Another brief name change came to the theater in 1948, becoming the Civic Theater after an update into a movie house. But it was changed again to the Grand Theater in 1950. Much of the stage was removed in the 1950s to make way for more seats.

The entrance to the building was moved to a far corner and a large metal marquee was added above it. Many original front windows were covered up and the building was coated in plaster to give it a more modern feel for the era.


Over the following decades, the Grand Theater transformed into a low rate second-run movie house. By the early 1970s, it had become a dilapidated pornographic theater. However, a long-term initiative to save the theater succeeded in getting a city referendum passed in 1980 for the city to purchase and revitalize the theater.

Restoration began with a ceremonial removal of the old marquee on October 4, 1982.


The fully renovated theater reopened in 1986 as The Grand Oshkosh, with both the interior and exterior meticulously recreated with modern materials and amenities. The revitalized theater saw great success as a venue for traveling performers as well as rental space for a variety of events.

In 2009, a second restoration project was undertaken to improve structural issues from the original 1883 structure, and over $2,000,000 was put into refurbishing the structure.


The Grand Oshkosh reopened in 2010 and remains a rousing success today as a 550-seat theater that hosts over 100 performances every year. But, between the performances and private events, many people say The Grand Oshkosh is a great place to experience something go bump in the night.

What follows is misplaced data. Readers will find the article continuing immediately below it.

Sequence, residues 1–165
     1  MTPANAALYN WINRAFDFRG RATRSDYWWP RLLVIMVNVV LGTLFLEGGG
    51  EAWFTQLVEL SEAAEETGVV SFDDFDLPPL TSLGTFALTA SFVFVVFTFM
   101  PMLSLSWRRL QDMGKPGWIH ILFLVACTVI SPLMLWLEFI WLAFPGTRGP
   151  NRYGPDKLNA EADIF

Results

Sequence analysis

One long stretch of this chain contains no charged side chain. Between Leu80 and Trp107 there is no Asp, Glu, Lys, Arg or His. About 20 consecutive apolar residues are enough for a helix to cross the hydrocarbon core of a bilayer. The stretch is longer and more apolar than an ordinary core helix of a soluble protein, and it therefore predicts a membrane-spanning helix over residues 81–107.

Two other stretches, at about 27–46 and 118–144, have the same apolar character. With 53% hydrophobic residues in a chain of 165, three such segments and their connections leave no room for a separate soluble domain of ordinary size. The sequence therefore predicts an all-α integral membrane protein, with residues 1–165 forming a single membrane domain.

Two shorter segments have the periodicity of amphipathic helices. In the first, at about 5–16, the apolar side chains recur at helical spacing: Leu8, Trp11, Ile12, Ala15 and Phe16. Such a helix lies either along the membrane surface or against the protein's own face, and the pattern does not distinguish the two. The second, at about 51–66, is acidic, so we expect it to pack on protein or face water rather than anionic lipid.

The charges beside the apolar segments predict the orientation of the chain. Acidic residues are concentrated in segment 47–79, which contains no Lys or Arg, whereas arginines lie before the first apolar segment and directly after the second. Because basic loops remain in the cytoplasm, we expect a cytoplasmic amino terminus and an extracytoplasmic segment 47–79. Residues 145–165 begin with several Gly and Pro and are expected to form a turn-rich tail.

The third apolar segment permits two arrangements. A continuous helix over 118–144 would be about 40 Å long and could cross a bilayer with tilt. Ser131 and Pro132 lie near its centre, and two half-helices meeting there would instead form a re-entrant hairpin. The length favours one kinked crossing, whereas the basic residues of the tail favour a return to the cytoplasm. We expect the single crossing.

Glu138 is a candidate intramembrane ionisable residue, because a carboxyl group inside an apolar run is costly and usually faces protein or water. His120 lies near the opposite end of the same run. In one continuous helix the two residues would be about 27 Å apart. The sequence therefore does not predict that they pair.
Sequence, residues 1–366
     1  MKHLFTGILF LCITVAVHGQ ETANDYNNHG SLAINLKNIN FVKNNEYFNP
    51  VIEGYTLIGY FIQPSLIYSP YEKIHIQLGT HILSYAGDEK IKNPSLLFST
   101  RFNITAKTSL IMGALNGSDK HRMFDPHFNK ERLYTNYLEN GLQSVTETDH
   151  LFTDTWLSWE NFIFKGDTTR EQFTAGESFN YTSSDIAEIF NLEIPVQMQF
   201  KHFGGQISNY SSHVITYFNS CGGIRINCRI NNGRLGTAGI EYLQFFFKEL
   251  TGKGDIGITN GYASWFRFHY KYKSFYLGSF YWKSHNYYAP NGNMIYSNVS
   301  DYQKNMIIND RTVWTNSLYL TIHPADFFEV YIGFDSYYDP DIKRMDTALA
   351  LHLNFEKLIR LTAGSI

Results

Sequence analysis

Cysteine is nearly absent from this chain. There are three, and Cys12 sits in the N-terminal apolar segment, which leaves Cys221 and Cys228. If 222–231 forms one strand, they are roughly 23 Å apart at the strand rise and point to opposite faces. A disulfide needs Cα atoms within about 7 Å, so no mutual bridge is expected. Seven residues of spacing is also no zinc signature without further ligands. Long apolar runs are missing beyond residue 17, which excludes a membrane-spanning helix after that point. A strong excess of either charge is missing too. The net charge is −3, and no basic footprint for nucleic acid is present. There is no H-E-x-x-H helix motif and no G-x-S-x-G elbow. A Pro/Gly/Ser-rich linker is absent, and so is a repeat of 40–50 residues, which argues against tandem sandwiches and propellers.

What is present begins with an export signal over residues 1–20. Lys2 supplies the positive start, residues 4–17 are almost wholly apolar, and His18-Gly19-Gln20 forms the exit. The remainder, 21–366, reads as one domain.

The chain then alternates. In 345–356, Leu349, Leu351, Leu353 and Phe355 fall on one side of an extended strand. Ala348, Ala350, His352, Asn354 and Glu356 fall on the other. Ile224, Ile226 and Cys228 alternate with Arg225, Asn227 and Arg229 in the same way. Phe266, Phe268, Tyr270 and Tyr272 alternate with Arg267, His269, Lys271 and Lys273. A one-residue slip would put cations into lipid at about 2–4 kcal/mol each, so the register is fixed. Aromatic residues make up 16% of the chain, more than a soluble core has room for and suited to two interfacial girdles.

From the basement dressing rooms to the theater balcony, ghosts are said to reside in just about every corner of the historic opera house.

Who Haunts The Grand Oshkosh?

Percy Keene is one ghost who reportedly lingers around The Grand Oshkosh. Once a dedicated stage manager for the theater, Keene’s apparition is still often seen by visitors, performers, and staff members.

Keene’s phantom is most often seen sitting in the balcony seats. Those who have seen him say he often appears while rehearsals are happening on stage, as if he’s still going about his normal day as a dutiful stage manager.

Shadows and Smells in The Grand Oshkosh

Passers-by on High Avenue have also reported a similar apparition watching them closely from some of the second-floor windows as they walk by the theater. Many figure this is also the watchful spirit of Percy Keene.